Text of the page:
Logistics technology: 2010 was a solid year for supply chain software
The industry posted a 10% increase over 2009 and about $4.6 billion in revenue for SCM applications, not counting procurement.
in the NewsUPS and Independent Pilots Association come to terms on tentative labor deal Panjiva reports May has a bounce back month for global trade activity ISM reports manufacturing finishes first half of 2016 in good shape ISM reports manufacturing finishes first half of 2016 in good shape AAR reports another down week for U.S. carload and intermodal volumes More News
2010 was a solid year for supply chain management software. The industry posted a 10% increase over 2009 and about $4.6 billion in revenue for SCM applications, not counting procurement.
The numbers come from Chad Eschinger, research director with Gartner. Eschinger and Gartner also provided the compilation for our annual list Top 20 providers of supply chain management software, ranked by revenue.
The article will appear in the July issue of Modern Materials Handling, LM’s sister publication. In addition to the numbers, Eschinger identified the trends that drove last year’s rebound. Much of the growth may have been the result of pent up demand. A number of projects went forward that had been stalled because of the recession. But Eschinger also identified several key drivers.
-Lack of visibility: Large corporations were left with too much inventory when the recession hit and too little inventory when demand picked up in 2009. “Users are looking at applications like sales and operations planning, transportation management and asset management applications that can be levered to track goods in motion,” Eschinger says. “They want a better handle on their plans.”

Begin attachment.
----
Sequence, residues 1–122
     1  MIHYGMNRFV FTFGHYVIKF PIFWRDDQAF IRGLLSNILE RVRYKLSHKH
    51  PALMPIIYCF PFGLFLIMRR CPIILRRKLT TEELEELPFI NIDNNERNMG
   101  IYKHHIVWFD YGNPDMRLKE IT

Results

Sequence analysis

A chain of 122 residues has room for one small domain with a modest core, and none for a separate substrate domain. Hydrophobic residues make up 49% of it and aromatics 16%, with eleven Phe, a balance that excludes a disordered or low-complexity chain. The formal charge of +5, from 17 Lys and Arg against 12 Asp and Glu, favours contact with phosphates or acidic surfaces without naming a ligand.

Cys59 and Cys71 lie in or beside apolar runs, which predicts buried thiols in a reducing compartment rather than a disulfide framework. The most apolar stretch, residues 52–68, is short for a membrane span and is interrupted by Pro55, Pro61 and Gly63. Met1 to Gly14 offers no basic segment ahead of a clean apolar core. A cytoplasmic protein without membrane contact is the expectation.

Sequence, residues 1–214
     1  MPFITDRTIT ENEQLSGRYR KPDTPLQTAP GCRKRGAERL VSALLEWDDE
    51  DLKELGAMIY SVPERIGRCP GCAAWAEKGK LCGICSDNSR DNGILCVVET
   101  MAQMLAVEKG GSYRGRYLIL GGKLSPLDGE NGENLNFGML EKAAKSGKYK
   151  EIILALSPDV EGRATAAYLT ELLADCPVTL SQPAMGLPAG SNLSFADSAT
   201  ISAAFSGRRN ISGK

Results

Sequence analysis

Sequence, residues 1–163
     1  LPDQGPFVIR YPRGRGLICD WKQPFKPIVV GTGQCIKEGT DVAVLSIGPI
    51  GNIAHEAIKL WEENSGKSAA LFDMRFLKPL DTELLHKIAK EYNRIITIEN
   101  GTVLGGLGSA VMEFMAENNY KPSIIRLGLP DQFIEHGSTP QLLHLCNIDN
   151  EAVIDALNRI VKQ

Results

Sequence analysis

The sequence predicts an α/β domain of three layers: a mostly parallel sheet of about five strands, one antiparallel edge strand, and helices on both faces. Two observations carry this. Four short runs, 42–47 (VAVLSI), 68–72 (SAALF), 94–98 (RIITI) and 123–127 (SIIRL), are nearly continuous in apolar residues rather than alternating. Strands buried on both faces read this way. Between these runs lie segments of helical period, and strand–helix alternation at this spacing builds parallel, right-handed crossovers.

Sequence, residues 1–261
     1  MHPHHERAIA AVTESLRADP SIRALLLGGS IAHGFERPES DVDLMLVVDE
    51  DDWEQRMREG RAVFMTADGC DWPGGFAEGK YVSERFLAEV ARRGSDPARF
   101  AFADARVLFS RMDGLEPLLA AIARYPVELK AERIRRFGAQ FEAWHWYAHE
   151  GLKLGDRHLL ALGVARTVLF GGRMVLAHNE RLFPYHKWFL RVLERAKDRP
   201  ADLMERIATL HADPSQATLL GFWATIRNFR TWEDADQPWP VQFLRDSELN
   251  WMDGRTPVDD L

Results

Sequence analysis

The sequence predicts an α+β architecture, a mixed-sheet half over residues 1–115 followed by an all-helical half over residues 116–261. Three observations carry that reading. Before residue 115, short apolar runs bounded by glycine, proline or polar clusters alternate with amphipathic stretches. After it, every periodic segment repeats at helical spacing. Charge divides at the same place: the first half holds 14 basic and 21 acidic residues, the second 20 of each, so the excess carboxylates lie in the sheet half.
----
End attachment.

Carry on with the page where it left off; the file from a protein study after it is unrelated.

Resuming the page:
-Enabling corporate strategy: Everyone wants to reduce their costs, but increasingly businesses are targeting their supply chains to improve their overall corporate viability, especially customer service.
-Total landed cost: Blame it on the high cost of transportation, increasing wages in emerging markets and multi-channel sales and distribution strategies, but companies are using their supply chain systems to take a more analytical look at what it costs to fill an online order versus a retail store and what is the total landed cost to source in Mexico versus China.
The question now is whether the growth in 2010 will continue in 2011. Eschinger believes it will and that 2012 is looking good as well. After that, we’ll have to see how the recovery proceeds. You’ll be able to read the whole report online next week.
About the AuthorBob Trebilcock Bob Trebilcock, editorial director, has covered materials handling, technology, logistics and supply chain topics for nearly 30 years. In addition to Supply Chain Management Review, he is also Executive Editor of Modern Materials Handling. A graduate of Bowling Green State University, Trebilcock lives in Keene, NH. He can be reached at 603-357-0484.
Subscribe to Logistics Management Magazine!Subscribe today. It's FREE!
Get timely insider information that you can use to better manage your entire logistics operation.
Start your FREE subscription today!
WMS Update: What do we need to run a WMS? Supply Chain Software Convergence: Synchronization Realized View More From this Issue